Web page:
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Home Building Costs

Home Building Costs

Want to know why housing affordability is so poor in this country?

The answer, in simple terms, is because the cost of building new houses is so high – ridiculously, obscenely high.

The cost of building the typical house in Australia has risen 53% in the past three years – and it now costs close to half a million dollars to build that home.

And that’s just the cost of the house. It doesn’t include the price of the land.

Who’s to blame for this situation?

Primarily, overwhelmingly, it’s government. Politicians and bureaucrats.

They keep making decisions that add to the cost of creating new homes.

Just three years ago, the average cost of building a new house was $320,000.

Now, early in 2024, its $490,000.

Government meddling with the housing industry, and their obsession with using the housing industry as their go-to cash cow when they need to raise money, has caused the average cost of a new house to blow out to almost $500,000.

It’s not the usual suspects that journalists and economists and politicians like to blame for poor housing affordability.

This has got nothing to do with negative gearing, or foreign investors, or mum-and-dad Australian investors, or government grants to first-home buyers pushing up prices.

It’s purely and simply the constant addition to the cost of creating new homes by politicians and bureaucrats.

A couple of years ago, a research study revealed that between 35% and 50% of the cost of a new house-and-land package – depending on where you are in Australia – was taxes, fees and charges by the three levels of government.

Imagine that reality. That every time someone builds a new home in Sydney, half of the cost they’re paying is taxes and fees to government.

Stamp duty, land tax, GST, capital gains tax, application fees, infrastructure charges – and many, many more.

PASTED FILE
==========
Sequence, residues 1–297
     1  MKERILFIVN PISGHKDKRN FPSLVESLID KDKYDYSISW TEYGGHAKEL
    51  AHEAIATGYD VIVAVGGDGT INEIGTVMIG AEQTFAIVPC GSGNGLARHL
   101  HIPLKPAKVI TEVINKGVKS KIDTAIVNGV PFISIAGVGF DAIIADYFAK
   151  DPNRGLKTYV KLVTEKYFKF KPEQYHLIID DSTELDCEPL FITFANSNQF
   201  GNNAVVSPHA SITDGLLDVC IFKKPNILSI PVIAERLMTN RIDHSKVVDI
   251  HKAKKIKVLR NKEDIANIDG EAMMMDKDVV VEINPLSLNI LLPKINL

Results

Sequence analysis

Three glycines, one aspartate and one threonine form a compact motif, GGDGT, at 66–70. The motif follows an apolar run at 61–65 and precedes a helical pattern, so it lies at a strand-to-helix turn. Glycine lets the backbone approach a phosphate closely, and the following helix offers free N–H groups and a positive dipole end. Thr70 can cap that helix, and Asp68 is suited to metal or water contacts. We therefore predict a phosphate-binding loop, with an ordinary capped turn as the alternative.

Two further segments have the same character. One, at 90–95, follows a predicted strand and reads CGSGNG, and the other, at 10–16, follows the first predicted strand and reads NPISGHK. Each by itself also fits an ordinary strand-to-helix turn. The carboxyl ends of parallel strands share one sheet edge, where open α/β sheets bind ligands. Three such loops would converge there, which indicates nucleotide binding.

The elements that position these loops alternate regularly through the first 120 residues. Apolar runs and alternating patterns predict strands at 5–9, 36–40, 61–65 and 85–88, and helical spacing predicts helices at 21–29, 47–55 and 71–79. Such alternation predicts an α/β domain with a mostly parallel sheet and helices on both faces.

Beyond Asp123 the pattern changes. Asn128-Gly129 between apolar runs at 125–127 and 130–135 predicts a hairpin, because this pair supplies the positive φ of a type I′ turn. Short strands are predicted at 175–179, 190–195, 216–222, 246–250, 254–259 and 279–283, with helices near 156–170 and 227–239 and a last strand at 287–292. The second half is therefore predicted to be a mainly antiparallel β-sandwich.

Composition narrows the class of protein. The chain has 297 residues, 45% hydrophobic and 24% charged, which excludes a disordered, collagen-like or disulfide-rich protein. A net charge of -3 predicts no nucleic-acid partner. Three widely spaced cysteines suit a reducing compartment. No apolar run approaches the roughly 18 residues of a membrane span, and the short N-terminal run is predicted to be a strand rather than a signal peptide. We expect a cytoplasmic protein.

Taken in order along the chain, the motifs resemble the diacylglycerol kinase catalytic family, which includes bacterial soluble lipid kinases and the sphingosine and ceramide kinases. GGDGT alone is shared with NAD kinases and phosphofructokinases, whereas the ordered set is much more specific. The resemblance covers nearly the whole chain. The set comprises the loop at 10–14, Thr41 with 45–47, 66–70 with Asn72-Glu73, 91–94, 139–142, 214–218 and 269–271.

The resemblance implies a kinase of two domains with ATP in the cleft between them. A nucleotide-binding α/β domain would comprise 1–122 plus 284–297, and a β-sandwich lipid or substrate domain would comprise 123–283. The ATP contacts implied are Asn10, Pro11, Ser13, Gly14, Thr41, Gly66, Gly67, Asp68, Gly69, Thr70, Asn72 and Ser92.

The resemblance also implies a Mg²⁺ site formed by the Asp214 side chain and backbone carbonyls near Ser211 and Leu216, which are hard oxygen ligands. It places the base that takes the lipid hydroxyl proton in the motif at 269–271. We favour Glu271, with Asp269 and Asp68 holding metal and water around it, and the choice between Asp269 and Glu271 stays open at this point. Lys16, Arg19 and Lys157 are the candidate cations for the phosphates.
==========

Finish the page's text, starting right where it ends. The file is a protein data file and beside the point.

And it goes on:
And then there’s the cost of red tape – delays and additional costs caused by bureaucrats.

But that’s just the background. Every year the cost of building a new house grows larger because governments keep changing the rules and regulations – always in ways that add to the costs of construction.

New regulations to make houses safer. New rules to make houses more accessible. New laws to make houses more environmentally friendly. New guidelines to make houses more aesthetically appealing.

Now you might think that those measures are all good things. If houses are (allegedly) safer, more accessible, new energy efficient and better looking, that’s all very positive.

But if you feel that way, you cannot then complain about poor affordability, because you’ve just declared your support for measures that have added massively to the cost of creating new homes for young Australians – thereby causing a further deterioration in housing affordability.

The problem of government taxes, legislation and red tape pushing up the cost of housing has been exacerbated in recent times by the shortages of tradespeople and materials.

Why are there shortages of tradespeople? Mostly it’s because governments around Australia have been trying to spend their way out of the problems of the Covid era with major, new, headline-grabbing infrastructure, which is pulling skilled people out of the home-building industry.

The infrastructure projects that are scheduled to happen in the next five years total $230 billion – at current cost estimates and we can be sure they will blow out to a lot more – and that means the workforce needs to grow 127% to provide the workers and tradesperson required to build all that.

And this will make matters worse for the home building industry.

Master Builders Australia says that the main reasons the cost of building houses has increased so much are …

  • Increased building approval times
  • High taxes, particularly land tax
  • The shortage of workers
  • The high cost of materials

Most of the blame for that sits at the feet of government – politicians and bureaucrats.


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